Recharacterizing a rather simple repayment transaction as a tax rebate is concerning, not just for sound tax policy, but also for the future of public-private financing partnerships.
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Montana Policymakers should pursue principled property tax reform that benefits all property owners without creating market distortions or unfairly shifting the tax burden.
Adopting the sound tax reforms still pending in Santa Fe is an opportunity for New Mexico to keep up with the pack or risk falling further behind.
If your state issued tax rebates last year, you might have to pay federal income tax on the rebate you received. Maybe. Who knows? Unfortunately, not the IRS—at least not yet.
At the end of 2022, prices were 14.6 percent higher than they were two years prior. That’s the fastest inflation rate over any two calendar years since the stagflation era of the late 1970s. State policymakers are understandably interested in bringing any tools at their disposal to bear on the problem. And many of them are reaching for tax policy solutions.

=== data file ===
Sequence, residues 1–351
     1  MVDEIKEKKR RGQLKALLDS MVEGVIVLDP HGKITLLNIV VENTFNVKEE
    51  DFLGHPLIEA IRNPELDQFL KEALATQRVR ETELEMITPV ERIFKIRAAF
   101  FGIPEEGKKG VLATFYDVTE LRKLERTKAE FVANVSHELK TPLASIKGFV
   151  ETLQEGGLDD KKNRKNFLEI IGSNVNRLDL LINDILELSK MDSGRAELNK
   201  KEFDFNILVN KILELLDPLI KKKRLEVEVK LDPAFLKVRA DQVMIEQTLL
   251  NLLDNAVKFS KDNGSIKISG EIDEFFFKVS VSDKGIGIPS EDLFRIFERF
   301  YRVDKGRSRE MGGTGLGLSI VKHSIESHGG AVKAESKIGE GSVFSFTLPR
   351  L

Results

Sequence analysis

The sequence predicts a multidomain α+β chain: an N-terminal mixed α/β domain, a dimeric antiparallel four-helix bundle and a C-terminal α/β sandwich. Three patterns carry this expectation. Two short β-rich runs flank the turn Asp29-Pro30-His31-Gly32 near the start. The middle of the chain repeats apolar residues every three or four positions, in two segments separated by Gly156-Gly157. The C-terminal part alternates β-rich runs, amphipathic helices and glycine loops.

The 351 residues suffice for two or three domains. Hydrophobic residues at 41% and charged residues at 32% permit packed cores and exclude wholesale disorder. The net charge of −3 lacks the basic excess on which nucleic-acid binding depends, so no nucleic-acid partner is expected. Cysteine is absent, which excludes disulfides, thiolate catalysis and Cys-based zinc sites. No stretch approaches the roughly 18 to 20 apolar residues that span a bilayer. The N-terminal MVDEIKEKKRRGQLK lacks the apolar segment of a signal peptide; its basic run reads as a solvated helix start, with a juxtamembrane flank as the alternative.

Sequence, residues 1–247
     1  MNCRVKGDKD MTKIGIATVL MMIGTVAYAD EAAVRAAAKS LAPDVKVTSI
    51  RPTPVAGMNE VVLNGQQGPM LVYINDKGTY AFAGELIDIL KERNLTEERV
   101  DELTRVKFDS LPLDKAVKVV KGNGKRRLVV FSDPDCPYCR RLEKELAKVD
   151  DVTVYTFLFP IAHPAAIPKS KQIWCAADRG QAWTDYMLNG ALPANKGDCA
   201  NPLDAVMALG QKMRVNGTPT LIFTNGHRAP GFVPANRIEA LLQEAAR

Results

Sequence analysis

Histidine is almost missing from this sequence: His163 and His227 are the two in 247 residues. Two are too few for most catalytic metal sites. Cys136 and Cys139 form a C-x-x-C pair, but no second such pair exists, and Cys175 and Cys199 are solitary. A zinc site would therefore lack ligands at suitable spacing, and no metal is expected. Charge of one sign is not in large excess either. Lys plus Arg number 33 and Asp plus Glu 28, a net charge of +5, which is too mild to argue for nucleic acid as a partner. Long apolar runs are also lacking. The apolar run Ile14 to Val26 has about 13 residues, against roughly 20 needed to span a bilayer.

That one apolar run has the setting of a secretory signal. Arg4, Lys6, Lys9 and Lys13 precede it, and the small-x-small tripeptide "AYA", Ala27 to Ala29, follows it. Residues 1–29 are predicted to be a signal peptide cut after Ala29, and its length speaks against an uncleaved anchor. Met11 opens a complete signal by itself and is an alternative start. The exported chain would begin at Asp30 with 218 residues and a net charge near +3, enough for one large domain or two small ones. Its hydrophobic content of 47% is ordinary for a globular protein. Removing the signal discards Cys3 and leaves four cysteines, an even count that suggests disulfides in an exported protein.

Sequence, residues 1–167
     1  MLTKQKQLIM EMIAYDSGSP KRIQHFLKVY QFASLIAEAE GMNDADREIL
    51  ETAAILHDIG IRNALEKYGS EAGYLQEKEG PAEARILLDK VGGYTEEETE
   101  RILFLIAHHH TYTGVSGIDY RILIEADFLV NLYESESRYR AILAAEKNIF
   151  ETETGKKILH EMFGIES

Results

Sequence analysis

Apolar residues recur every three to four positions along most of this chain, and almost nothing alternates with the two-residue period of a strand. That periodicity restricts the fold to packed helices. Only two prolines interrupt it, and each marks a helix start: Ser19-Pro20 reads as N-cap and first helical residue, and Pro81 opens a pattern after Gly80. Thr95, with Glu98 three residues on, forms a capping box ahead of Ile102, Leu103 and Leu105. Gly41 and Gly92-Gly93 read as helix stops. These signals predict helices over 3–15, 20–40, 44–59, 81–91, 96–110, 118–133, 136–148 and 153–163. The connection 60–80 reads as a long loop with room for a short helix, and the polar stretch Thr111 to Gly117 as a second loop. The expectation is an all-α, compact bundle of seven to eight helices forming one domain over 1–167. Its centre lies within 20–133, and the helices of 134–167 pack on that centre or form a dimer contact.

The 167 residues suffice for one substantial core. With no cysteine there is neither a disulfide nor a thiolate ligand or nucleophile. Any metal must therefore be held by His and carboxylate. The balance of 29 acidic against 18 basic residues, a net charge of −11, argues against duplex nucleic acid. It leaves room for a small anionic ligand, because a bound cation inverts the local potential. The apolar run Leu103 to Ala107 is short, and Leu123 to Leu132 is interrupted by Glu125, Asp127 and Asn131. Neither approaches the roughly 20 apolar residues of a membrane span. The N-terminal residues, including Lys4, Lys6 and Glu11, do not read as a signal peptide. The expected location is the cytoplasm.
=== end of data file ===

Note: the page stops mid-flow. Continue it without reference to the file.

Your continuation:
As Idaho attempts to further solidify its position as a growth-oriented, taxpayer-friendly state this special session, other states should look to its example and pursue similar reforms.
If Sooner State policymakers want to use a portion of their higher revenues to make the economy work better for all Oklahomans, they should consider repealing the franchise tax, trimming the income tax, or both—paired, if desired, with targeted aid to those in the greatest need—not writing a single round of gimmicky checks.
After a whirlwind of cuts and reforms in 2021, it looks like 2022 might be an even bigger year for state tax codes. Republican and Democratic governors alike used their annual State of the State addresses to call for tax reform, and there is already serious momentum from state lawmakers nationwide to get the job done.
States are flush with cash, but taxpayers’ purchasing power is being eroded by high inflation. Tax rebates, gas tax holidays, and other temporary tax expedients have the potential to add to existing inflation—but good intentions do not always make for good policy.
A gas tax holiday may be good politics, but it’s unlikely to achieve its aims. There are far better ways to provide tax relief—short- or long-term—than an inefficient gas tax suspension.